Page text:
This is often one of the most important aspects of healing—remembering who we are, what we are here for, and what we are doing. Fundamentally, the primary purpose of being human is to connect Heaven and Earth and the inside and the outside; through residing at the pivot of these polarities, the individual can have an experience of unity and oneness, of connection to the dao, while existing as a limited, individuated being at the level of duality, and thus experientially exist in the natural state. The extraordinary vessels and organs are one means to have this experience, whether they are accessed through acupuncture, qigong, or meditation utilizing these vessels.
The diurnal cycle of the ying qi through the primary channels is the key to unlocking the connection between the extraordinary vessels, the extraordinary fu, and Daoist conceptions of the evolution of consciousness. The ying qi is the middle, or pivot, between the wei qi and jing qi, and therefore it corresponds to the level of humanity and is at the pivot of various yin-yang aspects of being. If the ying qi flows freely through the channels, the theoretical model presented here indicates that not only will yin and yang be in harmony, but that the flow of ying qi through the primary channel system will naturally activate the extraordinary vessels and fu—allowing them to unfold in the order which reflects the evolution of consciousness—thereby connecting the individual back to the Source and transcending the mundane duality.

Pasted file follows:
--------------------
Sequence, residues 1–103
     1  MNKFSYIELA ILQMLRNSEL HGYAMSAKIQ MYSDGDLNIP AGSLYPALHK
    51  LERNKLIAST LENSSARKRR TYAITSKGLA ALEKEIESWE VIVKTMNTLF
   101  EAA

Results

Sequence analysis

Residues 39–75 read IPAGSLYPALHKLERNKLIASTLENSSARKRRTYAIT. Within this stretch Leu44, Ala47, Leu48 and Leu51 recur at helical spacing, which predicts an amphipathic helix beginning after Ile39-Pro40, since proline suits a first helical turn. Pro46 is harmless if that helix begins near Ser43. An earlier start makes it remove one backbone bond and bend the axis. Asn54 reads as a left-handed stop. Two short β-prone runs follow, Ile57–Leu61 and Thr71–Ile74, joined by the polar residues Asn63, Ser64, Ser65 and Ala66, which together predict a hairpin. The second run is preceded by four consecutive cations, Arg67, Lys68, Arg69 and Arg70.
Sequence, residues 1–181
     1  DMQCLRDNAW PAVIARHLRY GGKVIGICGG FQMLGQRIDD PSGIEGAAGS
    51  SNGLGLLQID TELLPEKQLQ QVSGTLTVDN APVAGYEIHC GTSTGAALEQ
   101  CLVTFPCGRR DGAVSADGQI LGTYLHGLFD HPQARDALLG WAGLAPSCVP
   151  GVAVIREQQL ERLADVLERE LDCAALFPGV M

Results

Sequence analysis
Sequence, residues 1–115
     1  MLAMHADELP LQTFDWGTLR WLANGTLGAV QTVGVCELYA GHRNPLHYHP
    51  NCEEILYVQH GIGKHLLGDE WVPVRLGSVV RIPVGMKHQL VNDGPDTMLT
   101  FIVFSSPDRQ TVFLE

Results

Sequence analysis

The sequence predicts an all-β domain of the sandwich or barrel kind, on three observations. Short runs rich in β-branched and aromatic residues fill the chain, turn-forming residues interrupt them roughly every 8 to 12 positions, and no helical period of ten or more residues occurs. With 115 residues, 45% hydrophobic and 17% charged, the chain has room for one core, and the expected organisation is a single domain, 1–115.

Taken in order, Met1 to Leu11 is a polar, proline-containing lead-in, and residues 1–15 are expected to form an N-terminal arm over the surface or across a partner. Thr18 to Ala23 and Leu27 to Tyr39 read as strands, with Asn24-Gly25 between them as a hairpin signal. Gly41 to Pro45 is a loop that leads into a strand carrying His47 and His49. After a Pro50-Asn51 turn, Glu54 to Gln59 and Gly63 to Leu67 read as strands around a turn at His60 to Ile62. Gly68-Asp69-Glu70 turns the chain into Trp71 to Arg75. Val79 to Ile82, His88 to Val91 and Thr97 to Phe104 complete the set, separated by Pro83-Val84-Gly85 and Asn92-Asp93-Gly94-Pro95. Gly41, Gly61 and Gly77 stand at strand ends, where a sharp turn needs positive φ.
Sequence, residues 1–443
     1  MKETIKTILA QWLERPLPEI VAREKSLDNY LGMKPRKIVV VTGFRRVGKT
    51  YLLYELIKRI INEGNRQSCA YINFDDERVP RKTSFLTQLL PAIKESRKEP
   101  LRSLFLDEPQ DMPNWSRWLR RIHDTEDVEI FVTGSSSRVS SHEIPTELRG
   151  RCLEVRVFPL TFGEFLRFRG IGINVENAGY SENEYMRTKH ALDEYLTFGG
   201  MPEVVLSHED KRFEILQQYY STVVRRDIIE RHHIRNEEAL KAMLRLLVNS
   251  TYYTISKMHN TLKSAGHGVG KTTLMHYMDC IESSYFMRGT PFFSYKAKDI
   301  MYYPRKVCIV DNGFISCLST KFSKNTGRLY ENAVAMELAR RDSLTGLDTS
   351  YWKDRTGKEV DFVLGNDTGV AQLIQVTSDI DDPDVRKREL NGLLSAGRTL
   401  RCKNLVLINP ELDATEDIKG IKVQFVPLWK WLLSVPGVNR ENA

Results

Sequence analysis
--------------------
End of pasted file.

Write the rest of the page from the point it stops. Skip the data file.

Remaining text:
Thomas Richardson is a Licensed Acupuncturist as well as a scholar and teacher of acupuncture and Oriental medicine. From 2012-2014, Thomas lived in Boston, where he completed a master’s degree at Harvard University. His research focused on connections between Buddhism, Daoism, and Chinese medicine, as well as trauma, storytelling, and healing. He currently lives in Boulder, Colo., and is on the faculty at Southwest Acupuncture College. For more information, visit his www.ExtraordinaryChineseMedicine.com.